April 18, 1902
In camp near Klerksdorp, Trans.
My dear Mother,
I was so glad when we arrived in camp a couple of days ago to receive your letter of the 21 Feb. We have been away from the railroad for 3 weeks on trek & so there was lots of mail for us when we arrived in camp on Wed. night.
I also had a letter from Netta Blake, in which she said you had the grip but were almost better. All three of us are in fine health, although it is a wonder we all aren't laid up with rheumatism, as a lot of the men are, because we slept two nights on the veldt in about six inches of water, & pouring with rain for 36 hours, & we had nothing with us but our cloaks, but I felt more sorry for the officers than I did for myself, as they were in the same fix as we were.
According to reports, you must have had an early spring, as I saw a Free Press of Mar. 5 & it said the farmers were beginning to seed around Portage. Winter is beginning to set in here & the nights are pretty cold, but in the daytime it still remains frightfully hot. One blessing, when winter sets in for good, we won't see any more rain until spring.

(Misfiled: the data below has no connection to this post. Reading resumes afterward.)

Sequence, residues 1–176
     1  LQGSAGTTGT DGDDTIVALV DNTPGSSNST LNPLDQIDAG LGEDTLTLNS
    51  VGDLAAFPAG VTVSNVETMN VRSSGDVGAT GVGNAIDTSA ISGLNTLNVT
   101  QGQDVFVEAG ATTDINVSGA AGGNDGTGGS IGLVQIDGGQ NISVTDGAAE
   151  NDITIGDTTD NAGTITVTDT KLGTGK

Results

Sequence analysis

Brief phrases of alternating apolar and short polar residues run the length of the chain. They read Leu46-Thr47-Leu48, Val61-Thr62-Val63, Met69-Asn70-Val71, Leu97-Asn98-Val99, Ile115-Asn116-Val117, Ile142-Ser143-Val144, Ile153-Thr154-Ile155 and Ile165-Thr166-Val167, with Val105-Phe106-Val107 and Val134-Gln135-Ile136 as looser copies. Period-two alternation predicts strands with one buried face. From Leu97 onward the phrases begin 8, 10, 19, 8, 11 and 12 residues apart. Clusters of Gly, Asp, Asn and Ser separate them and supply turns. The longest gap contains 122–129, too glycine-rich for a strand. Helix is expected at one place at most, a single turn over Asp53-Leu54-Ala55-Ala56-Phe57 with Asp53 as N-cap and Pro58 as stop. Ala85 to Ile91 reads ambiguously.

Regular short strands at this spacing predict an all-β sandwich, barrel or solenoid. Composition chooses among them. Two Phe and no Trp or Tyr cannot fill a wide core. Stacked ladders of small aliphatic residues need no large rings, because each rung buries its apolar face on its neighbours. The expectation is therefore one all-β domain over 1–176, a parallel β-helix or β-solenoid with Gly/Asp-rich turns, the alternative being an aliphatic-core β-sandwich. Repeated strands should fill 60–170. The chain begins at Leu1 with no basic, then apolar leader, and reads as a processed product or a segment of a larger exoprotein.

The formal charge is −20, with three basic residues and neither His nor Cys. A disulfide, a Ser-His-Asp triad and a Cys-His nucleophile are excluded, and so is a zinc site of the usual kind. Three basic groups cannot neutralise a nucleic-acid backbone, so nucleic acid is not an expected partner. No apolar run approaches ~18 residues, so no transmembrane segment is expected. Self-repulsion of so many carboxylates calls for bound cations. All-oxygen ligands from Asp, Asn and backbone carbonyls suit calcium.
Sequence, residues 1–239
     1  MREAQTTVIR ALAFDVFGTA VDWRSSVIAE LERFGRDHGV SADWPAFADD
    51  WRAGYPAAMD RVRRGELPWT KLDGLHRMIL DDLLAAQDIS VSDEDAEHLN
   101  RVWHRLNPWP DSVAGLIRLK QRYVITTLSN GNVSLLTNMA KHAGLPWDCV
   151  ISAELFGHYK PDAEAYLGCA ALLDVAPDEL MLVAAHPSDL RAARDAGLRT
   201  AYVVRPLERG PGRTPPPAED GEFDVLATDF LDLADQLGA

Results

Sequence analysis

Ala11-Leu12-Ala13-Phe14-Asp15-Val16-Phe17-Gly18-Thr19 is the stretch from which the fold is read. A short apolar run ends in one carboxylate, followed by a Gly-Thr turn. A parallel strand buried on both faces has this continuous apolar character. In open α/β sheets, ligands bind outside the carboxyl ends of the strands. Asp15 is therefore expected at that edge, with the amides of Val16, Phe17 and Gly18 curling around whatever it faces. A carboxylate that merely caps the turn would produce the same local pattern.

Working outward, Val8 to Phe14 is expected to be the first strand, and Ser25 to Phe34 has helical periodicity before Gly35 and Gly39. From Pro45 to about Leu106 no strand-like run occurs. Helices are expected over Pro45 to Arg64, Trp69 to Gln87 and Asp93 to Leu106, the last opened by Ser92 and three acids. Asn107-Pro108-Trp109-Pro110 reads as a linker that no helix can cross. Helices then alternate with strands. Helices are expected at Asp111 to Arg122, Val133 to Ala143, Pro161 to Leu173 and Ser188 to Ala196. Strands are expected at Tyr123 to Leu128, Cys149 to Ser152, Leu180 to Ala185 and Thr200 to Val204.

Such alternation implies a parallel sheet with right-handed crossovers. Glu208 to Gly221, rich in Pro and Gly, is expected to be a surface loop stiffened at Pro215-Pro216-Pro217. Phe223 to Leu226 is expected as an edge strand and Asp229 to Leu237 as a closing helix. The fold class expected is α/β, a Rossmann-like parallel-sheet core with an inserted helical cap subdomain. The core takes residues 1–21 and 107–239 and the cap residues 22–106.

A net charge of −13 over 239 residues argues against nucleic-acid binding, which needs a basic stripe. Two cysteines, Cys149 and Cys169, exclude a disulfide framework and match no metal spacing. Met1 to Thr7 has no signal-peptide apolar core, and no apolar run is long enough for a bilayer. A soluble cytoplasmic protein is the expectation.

A lot of Boer leaders are up at Pretoria, on a peace conference, but not many of our officers believe it will come to anything. We have not been in any more scrapes since I wrote from Dreknel Camp a couple of weeks ago, but we have had quite a few stray shots at the enemy on our big drives, & we have captured a lot of them. Bert is still on Cookson's staff & has a snap, as they have nothing to do on the march but follow the General & search & burn all suspicious houses.
Well Mother I do not think you need be anxious about us, as they are not expecting any more fights like Boschbult for a while. Remember me to everyone, & hoping you are all well. With heaps of love to all, I remain,
Your affec. son
Geo. C. Rooke
Reg # 554, 3c